It’s incredibly difficult to explain myself without ruining the story, but what I can say is that the plot becomes so silly and convoluted that without the drummed up passion of vengeance or moral white-knighting I assume Yager wished to instigate, you gradually start to loop “what is going on, and why is everyone insane and mental?” which is about as far as I got, emotionally. But hey, Toy Story 3 didn’t make me cry, either. Maybe I just watch the news too much.

At one point in the story, you’re killing CIA, Marines, 33 Battalion and the Arab Guerrilla at the same time. Why? What is going on? Why is Dubai the only country in the world? Can no one talk to the UN? What’s the problem here? No other Arab state cares? I cannot for the life of me work out why Dubai is segregated from the rest of the world, with a Mad Max style scrounge for resources, when the rest of the world is fine and dandy. By the end of the game I was tearing my hair out, asking myself “who the hell is emotionally involved in this?”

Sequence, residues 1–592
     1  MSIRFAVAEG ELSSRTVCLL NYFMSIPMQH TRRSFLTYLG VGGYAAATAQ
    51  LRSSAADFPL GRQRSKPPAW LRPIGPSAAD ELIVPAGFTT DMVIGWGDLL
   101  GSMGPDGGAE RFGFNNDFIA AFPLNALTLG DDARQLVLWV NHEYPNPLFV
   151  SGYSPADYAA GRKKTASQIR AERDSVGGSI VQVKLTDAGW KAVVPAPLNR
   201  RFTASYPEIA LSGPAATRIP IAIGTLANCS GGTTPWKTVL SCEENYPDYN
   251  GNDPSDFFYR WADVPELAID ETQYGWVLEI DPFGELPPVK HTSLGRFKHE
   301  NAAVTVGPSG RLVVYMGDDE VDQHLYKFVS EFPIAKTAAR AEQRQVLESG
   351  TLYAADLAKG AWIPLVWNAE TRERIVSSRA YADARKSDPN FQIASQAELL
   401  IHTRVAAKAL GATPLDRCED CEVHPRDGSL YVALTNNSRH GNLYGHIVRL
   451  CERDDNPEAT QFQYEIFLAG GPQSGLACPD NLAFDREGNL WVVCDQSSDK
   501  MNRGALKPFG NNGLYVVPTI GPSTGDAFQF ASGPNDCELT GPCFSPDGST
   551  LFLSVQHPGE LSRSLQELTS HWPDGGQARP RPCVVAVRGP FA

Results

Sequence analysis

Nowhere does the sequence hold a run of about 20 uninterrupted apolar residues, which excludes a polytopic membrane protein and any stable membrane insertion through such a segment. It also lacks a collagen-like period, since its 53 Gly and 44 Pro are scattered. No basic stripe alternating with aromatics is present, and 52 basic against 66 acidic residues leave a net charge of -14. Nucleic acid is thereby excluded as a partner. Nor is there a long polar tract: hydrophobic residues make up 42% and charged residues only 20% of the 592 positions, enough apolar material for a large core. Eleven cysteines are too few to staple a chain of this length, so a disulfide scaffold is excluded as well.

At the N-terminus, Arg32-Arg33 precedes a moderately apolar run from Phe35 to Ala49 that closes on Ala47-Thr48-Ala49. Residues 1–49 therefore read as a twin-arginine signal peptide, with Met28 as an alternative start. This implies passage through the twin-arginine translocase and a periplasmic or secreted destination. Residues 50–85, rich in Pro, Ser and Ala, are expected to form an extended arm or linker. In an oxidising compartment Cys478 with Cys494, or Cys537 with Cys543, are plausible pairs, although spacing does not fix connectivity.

Don’t get me wrong, the story is cool, and the game is fun – it just isn’t clever, and it doesn’t tackle moral relativity and the grittiness of war in any real and meaningful way. Maybe it’s a matter of perspective, but hey – this is my review.

The Multiplayer

Not the games saving grace. I don’t feel as though the multiplayer of Spec Ops was designed to be a tacked on filler, but I also don’t feel as though it has any longevity at all. The graphics are down-right bad, and with no FOV sliders or PC specific options to speak of, it hasn’t been built for PC gamers. Given that, I can’t recommend it for anyone looking for serious competition to invest in. The cover mechanic ruins what could have been a fun third person shooter, with players often finding the safest spot in the map and hiding behind cover, looking over their characters shoulder, to pop out with whatever gun is the number of the week. It is an inevitable camp-fest due to the carrying across of the single player mechanics.

There are problems, too. Many times I saw my shots hit a characters head and not register at all. Bopping in and out of cover is also horrible. Any rash movement could take you out of it, when you want to be in it. When you merely want to shimmy to the side, likewise, you might find yourself out in the open. It’s also hard to see exactly what is cover.  I ran up to a container door expecting to be able to use it as cover. I pressed space, and low and behold I was in front of it, in the open! Team Deathmatch and Deathmatch are honestly stressful experiences which don’t rely on skill so much as whatever CoD tactic you fancy the most.